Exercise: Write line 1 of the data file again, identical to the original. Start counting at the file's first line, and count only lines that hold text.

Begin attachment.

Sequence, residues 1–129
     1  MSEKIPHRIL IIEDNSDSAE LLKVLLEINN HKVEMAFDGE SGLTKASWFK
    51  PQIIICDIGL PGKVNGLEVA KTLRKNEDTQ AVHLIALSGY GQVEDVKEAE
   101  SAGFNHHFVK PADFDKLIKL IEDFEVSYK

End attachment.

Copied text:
Sequence, residues 1–129